You could say that FHA mortgages will have lower loan limits for 2014 but that's not quite the whole story. A better explanation is that the FHA will no longer insure mortgages in the upper brackets, thus clearing the field for private-sector lenders. Let me explain: The FHA now has a variety of basic loan limits, depending on where you live, the number of units you have, and whether you're getting a "forward" or "reverse" mortgage. For 2014 the FHA loan limits for the basic 203(b) program and a one-unit property look like this:
- If located in a "low-cost" area: $271,050.
- If located in a "high-cost" area: $625,500.
- If located in Alaska, Hawaii, Guam & Virgin Islands: $938,250.
The maximum insurable loan amount for a reverse mortgage, what HUD calls home equity conversion mortgages (HECMs), remains $625,500.
Down Is Up
In 2013 you could get an FHA-insured loan for as much as $729,250 in a high-cost area, however for financing above $625,500 you needed at least five percent down instead of just 3.5 percent. The purpose of huge FHA loans -- those above $625,500 -- was to help home sales rebound in California, New York, Massachusetts and other places with an expensive housing stock. The idea, however, ran into claims of "mission creep," that somehow the FHA had deserted its historic mission to serve first-time buyers and the middle class.
Bigger Is Smaller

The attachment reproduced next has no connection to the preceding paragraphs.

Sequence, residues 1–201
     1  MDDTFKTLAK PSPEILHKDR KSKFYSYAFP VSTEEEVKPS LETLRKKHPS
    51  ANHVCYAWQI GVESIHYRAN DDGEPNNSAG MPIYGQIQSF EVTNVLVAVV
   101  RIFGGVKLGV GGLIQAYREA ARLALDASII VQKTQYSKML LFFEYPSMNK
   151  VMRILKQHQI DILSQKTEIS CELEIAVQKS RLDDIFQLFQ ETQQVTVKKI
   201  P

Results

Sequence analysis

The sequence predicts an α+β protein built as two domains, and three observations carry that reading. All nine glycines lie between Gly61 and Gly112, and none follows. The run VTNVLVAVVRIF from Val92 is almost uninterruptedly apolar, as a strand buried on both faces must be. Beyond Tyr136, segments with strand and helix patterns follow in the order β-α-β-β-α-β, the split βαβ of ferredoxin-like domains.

Actually, though, the FHA has always insured big loans. According to Gary Thomas, the 2013 president of the National Association Of Realtors, "a common misconception exists that the FHA mortgage insurance program was originally intended to only benefit low-income borrowers who could not afford a large down payment on a new home. While the original upper limit of $16,000 for a home loan may seem exceptionally small today, in 1930, the national median home value was $4,778. Only 3.2 percent of homes were valued between $15,000 and $20,000. The majority of homes were valued between $2,000 and $7,500, with the largest number between $3,000 and $5,000." In other words, the FHA loan limit back in the 1930s was roughly three times greater than the typical home price, a trend which continues. In October, for example, NAR reported that they typical existing home sold for $199,500 and at $625,500 the new FHA loan limit will again be about three times larger than the price of an average home. Even with big FHA loans out of the picture borrowers will have no trouble financing such mortgages. Traditionally, jumbo borrowers have paid a premium to get larger loans but at the start of December there was so much jumbo financing available that rates for such mortgages were actually lower than the rates for conventional financing, according to the Mortgage Bankers Association. Plainly, if you need a jumbo mortgage, now is a very good time to consider such financing. As Lewis Carroll said in Alice in Wonderland, the FHA decision to dump big loans means it has lost its muchness. Such mortgages account for far-less than 1 percent of FHA loan volume and at this point simply represent a political hassle for HUD, one that produces little financial advantage. So, bye-bye big FHA loans.